9 Pages


ByDavid Armstrong

This handbook represents an attempt to convey the extraordinarily exciting point that international law (IL) has reached today, both as an academic discipline and as a working system of law. In disciplinary terms, legal theorists have engaged with international relations (IR) and other academic fields to offer new, sophisticated ways of tackling – and going well beyond – old questions about the authentic “legality” or otherwise of international law and its essential nature, effectiveness, content and sources, the community it serves as well as its future potential. In so doing they have reinvestigated the history of international law, questioning, among other things, old certainties about its emergence as a by-product of European modernity, its emphasis on state sovereignty, its embodiment of a “standard of civilization” as determined by its European members, its relation to natural law and other moral, religious and ideological doctrines and the degree to which it helped to legitimate oppression of indigenous peoples and was complicit in other acts of imperial exploitation. As far as the practice of IL is concerned, the twenty-first century has already presented not only extensive and complex challenges that have sometimes seemed to indicate the fragility of IL but also responses to those challenges alongside other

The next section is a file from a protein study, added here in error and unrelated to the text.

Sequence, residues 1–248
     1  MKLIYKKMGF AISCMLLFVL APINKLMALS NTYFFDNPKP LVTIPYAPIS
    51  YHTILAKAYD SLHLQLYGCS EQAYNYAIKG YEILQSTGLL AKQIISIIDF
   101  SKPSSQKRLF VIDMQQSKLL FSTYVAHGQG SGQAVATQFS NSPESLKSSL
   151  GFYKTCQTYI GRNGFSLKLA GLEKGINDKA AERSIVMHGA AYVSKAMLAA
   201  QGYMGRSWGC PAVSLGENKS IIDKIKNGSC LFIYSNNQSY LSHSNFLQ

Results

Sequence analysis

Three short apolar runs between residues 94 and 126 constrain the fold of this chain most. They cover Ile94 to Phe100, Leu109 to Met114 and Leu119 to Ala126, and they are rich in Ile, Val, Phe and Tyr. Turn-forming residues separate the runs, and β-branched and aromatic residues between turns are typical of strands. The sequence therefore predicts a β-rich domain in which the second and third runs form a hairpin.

developments that seem to point to its robustness and indeed its growing significance. The seeming powerlessness of the law of force in the face of multifaceted assaults on it from various quarters coexists with far reaching extensions of the law of force since the end of the cold war. The same picture of an underlying vitality apparent in the constant dialectic of challenge and response can be seen in developments in the IL of the environment, trade, criminality, human rights and other areas, while its centrality to some of the key issues of the day is apparent in its role in serious international problems such as terrorism, refugees and the many difficult issues relating to international distributive justice.